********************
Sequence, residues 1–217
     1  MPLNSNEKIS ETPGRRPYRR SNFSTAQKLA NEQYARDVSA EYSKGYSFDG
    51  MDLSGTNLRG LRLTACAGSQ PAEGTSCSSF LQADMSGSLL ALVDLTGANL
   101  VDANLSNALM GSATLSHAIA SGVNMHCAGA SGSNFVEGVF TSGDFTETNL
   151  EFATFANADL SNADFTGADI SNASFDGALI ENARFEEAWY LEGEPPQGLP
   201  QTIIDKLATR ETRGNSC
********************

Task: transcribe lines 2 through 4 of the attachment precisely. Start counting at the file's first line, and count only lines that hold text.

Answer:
     1  MPLNSNEKIS ETPGRRPYRR SNFSTAQKLA NEQYARDVSA EYSKGYSFDG
    51  MDLSGTNLRG LRLTACAGSQ PAEGTSCSSF LQADMSGSLL ALVDLTGANL
   101  VDANLSNALM GSATLSHAIA SGVNMHCAGA SGSNFVEGVF TSGDFTETNL